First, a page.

I have to pause for a moment here to contradict myself. I'm actually a moral realist, and I think that things like "you shouldn't torture children" are true facts about the universe; that is, if someone thinks "I should torture that child a bit because it's annoying me, and it will be fun, and my fun is more important than anyone else's suffering", that person is mistaken (among other things), in just the same way that someone who thinks the Sun rises in the west, or that five squared is fifty-five, is mistaken.

This moral realism can (I think!) be reconciled with my "there is no categorical imperative" by noting that, although "you shouldn't be mean" is true of everyone regardless of any other facts about them, I don't think there's any chain of purely objective evidence that I could use to convince anyone of it.

That is, I could argue objectively for "being mean has property X", and then say "and you shouldn't do things that have property X", but if my interlocutor were to say "why not? things with property X can be fun!", I would have no objective response that didn't depend on some shared wants (as in "they may be fun, but they make it more likely that people will frown at you, and you don't want people to frown at you!").

So, although it's a fact about the universe that you shouldn't be mean, I can't prove this to you objectively unless we share certain desires or values. And that's the sense in which there's no categorical imperative.

Did you hear a noise just then? Anyway, it turns out that the lack of a categorial imperative doesn't have all that much practical impact in the realm of morality. We all live in society, we all want to stay out of prison and not be universally hated and do things in concert with other people and stuff like that, and it turns out (here I resist a tangent on the subject of "it turns out") that if you want to do all that stuff you pretty much have to be nice. So it's easy (in principle) to argue objectively for a widely-applicable conditional imperative for basic morality.

But what kind of moral life should I live?

Should I geek out for years playing with all the latest technology toys? Should I get into a life-long committed relationship, riding into the future in slow similar familiar years with my family? Should I, instead, flit from continent to continent and job to job and partner to partner, drinking shallowly from numberless wells? Should I be wealthy and influential, should I work hard or take it easy, should I take seriously the standards of the business world, or the academic world, or the invisible college of dreamers who find eternity in a grain of sand? Or should I just play The Sims 2 alot?

Well, there are no categorical imperatives here, either. And it seems like there's also not nearly as much in the way of almost universally shared hypothetical imperatives.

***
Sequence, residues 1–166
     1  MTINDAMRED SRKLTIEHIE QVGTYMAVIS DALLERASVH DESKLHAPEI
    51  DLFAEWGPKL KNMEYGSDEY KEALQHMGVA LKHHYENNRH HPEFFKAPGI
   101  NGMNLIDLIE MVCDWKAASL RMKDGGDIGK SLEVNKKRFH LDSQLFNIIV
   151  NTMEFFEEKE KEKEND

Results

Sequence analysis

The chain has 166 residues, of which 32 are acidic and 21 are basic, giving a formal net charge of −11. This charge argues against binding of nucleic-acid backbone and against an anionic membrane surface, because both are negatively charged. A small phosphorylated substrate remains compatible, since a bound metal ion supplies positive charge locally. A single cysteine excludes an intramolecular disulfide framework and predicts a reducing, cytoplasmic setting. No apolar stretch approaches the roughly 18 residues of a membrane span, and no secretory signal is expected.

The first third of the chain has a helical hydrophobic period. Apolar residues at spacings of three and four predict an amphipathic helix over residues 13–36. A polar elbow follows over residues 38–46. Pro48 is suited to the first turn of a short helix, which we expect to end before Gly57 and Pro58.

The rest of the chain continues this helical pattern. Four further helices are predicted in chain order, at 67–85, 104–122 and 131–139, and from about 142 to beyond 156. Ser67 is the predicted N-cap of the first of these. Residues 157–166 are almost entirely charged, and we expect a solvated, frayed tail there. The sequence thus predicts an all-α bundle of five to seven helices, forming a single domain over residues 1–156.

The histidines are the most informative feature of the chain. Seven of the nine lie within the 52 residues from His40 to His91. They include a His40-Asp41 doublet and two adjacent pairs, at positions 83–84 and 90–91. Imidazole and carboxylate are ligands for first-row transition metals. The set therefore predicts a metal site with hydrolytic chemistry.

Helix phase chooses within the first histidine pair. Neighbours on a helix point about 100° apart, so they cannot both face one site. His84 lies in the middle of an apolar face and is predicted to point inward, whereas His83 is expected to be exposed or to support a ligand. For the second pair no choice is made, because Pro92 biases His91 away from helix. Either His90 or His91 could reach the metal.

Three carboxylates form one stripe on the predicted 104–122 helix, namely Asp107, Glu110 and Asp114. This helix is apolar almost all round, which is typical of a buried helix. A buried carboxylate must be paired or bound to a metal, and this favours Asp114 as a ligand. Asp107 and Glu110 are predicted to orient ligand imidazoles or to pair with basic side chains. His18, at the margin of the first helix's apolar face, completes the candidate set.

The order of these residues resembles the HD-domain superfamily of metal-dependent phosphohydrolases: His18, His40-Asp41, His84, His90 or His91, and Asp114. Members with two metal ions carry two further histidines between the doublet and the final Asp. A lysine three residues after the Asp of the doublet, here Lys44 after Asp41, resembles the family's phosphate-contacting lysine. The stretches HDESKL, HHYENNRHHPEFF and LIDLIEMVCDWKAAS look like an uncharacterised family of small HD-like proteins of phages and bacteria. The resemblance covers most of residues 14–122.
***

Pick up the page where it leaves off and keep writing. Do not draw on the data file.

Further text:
So what should you do, of all the morally-permissible things you might do?

Well, what do you want?

But that's "what do you want?" broadly construed, in a sense in which few of us actually know what we want in sufficient detail.

The flitty hedonist has it easy; he can do what he wants in the obvious sense at any given instant (within moral and financial and practical constraints). But for the rest of us, who want in the broad sense something more than the fulfillment of each instant's immediate want, it's harder.

This has something to do with the principle of radical freedom that I mentioned in passing a year ago next Tuesday: there's no objective sense in which playing The Sims 2 (and by the way, Hermes Zoom has graduated from college, and Jen Danvers has enrolled) is any less worthwhile than studying Constitutional Law or learning the theory of algorithms, or painting the house.

Of course there may be some not-quite-objective senses, having to do with keeping one's neurons alive, earning an income, or having a nicely painted house... *8)

Quote o' the Day:

He gave an imperceptible sign, and the gate swung open.

The idea of an imperceptible sign is beautifully self-contradictory. A sign, qua sign, exists only to be perceived; an imperceptible one has an irresistable appeal.

(The quote is from Dan Brown's "Digital Fortress", I don't imagine Brown intended exactly this effect.)

In general "Digital Fortress" is going to involve alot of wincing; I'm just on page 28, and already we have the absurdity of "rotating cleartext". Have to supress my actual knowledge of the subject matter here, and just enjoy the fictional world (and its imperceptible signs).

(Oh, and note: there's something wrong with the CGI scripts on davidchess.com at the moment, so you probably won't be able to send in reader input or anything via the usual forms. The problem is being addressed, and things should be working again sortly.)


maria sharapova

Helen Chamberlain

iris chacon

north by northwest

Write a book one sentence at a time: [link]


Oooo: flickr spam!

flying spaghetti monster on google maps! [link]



one of the thousand


he wants, to some poob or other where no doubt he'll dhrink himself into foolishness. So instead I torrns him around and sends him off in tha way of our local weedio imporium. The latest Chacon is a grand solace on a dull night in. I told him to tellem what to give him. The real Irish Chacon, I says.


It gives me pleasure when you say that these days aren't bad either. It gives me hope.

I'm very, very glad to hear it...